Cardiac IMT is uncommon, often captured in isolated case reports. Among these cases, it is more prevalent in females, with a higher incidence in children. There are fewer reports in the English literature about individuals over the age of 60. While IMT can manifest anywhere in the heart, it’s frequently reported in the right ventricular outflow tract, right atrium, and left ventricle. Depending on the tumor’s location and size, clinical manifestations can vary widely, ranging from asymptomatic to sudden death. Some cases might present with an inflammatory-related clinical course [7]. In this case, an elderly woman was incidentally diagnosed with a cardiac tumor during a check-up prompted by paroxysmal atrial fibrillation. The tumor was relatively small and showed no significant obstructive symptoms. Notably, this represents the only documented case in English literature where an elderly patient with a cardiac tumor also exhibited paroxysmal atrial fibrillation. Cardiac IMT may contribute to atrial fibrillation [8]. Histologically, inflammatory myofibroblastic tumors show features like mucoid collagenization, chronic inflammatory cells, and calcification, resembling changes in myocardial infarction. This may also be a cause of arrhythmia. Additionally, some cardiac tumors can cause atrial fibrillation by altering the heart’s structure and function or by compressing or damaging surrounding tissues. However, not all atrial fibrillation cases stem from tumors. More prevalent triggers encompass hypertension, coronary ailments, heart valve diseases, heart failure, and diabetes [9]. There is no strong evidence or examination proving a correlation between IMT and atrial fibrillation. Considering patient’s advanced age and hypertension history, she was already at a heightened risk for atrial fibrillation. A thorough pre-operative assessment, routinely completed with ECG, cardiac ultrasound, and imaging techniques such as CTA/MRA, is essential for accurate diagnosis [6].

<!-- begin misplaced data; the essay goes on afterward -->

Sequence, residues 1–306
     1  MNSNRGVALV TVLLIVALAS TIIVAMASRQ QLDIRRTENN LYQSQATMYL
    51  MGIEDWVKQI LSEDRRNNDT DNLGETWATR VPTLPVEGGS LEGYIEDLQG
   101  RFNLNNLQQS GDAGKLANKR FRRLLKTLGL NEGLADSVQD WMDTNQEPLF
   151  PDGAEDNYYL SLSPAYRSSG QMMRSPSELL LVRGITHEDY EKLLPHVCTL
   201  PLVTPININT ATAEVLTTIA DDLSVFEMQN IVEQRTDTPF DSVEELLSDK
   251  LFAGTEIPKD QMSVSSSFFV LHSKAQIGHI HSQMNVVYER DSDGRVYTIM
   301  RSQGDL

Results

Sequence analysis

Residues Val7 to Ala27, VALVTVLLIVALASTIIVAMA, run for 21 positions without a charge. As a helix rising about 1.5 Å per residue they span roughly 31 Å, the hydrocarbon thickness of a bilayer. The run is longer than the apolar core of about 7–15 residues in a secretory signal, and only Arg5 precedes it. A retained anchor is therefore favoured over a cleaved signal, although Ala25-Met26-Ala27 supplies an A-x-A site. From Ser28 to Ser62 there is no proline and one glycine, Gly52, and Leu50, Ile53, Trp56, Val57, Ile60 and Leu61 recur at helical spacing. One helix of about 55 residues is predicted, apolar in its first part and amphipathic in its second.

Three-dimensional transesophageal echocardiography (3D-TEE) is a diagnostic modality for cardiac tumors, assessing tumor dimensions across various planes. Both computed tomography (CT) and magnetic resonance imaging (MRI) are vital diagnostic tools for cardiac tumors. MRI can histologically characterize some cardiac tumors using sequences like T1-weighted (T1WI), T2-weighted (T2WI), and diffusion-weighted imaging (DWI) in combination with contrast enhancement [10]. The literature provides limited descriptions of the imaging features of cardiac inflammatory myofibroblastic tumors (IMT). Hoey ET detailed a cardiac IMT case showcasing lobulated contours, broad basal attachment, myocardial infiltration, and delayed enhancement [11]. D’Angelo described another cardiac IMT which was hyperintense on T2WI sequences, heterogeneously isointense on T1WI sequences, distinguishable from thrombi, and had early or late gadolinium enhancement differentiating it from myxomas and low-grade sarcomas [10]. In the presented case, both 3D-TEE and MRI were utilized, effectively capturing the lesion’s location, broad base, and myocardial attachment. MRI revealed a heterogeneously and mildly hypointense signal on the T2-WI sequence. On cine images, the tumor exhibited synchronous pulsation with cardiac motion. Given the neoplasm’s diminutive size at diagnosis, MRI contrast enhancement was not pursued, resulting in atypical imaging characteristics. In summary, due to the infrequent occurrence of cardiac IMT, MRI features largely depend on variations in tissue composition, mucoid content, and cellular proportion.